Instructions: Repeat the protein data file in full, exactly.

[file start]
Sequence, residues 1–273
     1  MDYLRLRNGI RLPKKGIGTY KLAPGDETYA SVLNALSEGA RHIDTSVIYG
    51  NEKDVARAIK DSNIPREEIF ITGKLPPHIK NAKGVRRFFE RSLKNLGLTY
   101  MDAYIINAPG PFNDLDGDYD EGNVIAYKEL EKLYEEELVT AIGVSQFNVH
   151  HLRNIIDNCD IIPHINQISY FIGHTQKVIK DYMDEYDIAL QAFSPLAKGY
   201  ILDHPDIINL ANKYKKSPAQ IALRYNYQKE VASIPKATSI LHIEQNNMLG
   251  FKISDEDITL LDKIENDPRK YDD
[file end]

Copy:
Sequence, residues 1–273
     1  MDYLRLRNGI RLPKKGIGTY KLAPGDETYA SVLNALSEGA RHIDTSVIYG
    51  NEKDVARAIK DSNIPREEIF ITGKLPPHIK NAKGVRRFFE RSLKNLGLTY
   101  MDAYIINAPG PFNDLDGDYD EGNVIAYKEL EKLYEEELVT AIGVSQFNVH
   151  HLRNIIDNCD IIPHINQISY FIGHTQKVIK DYMDEYDIAL QAFSPLAKGY
   201  ILDHPDIINL ANKYKKSPAQ IALRYNYQKE VASIPKATSI LHIEQNNMLG
   251  FKISDEDITL LDKIENDPRK YDD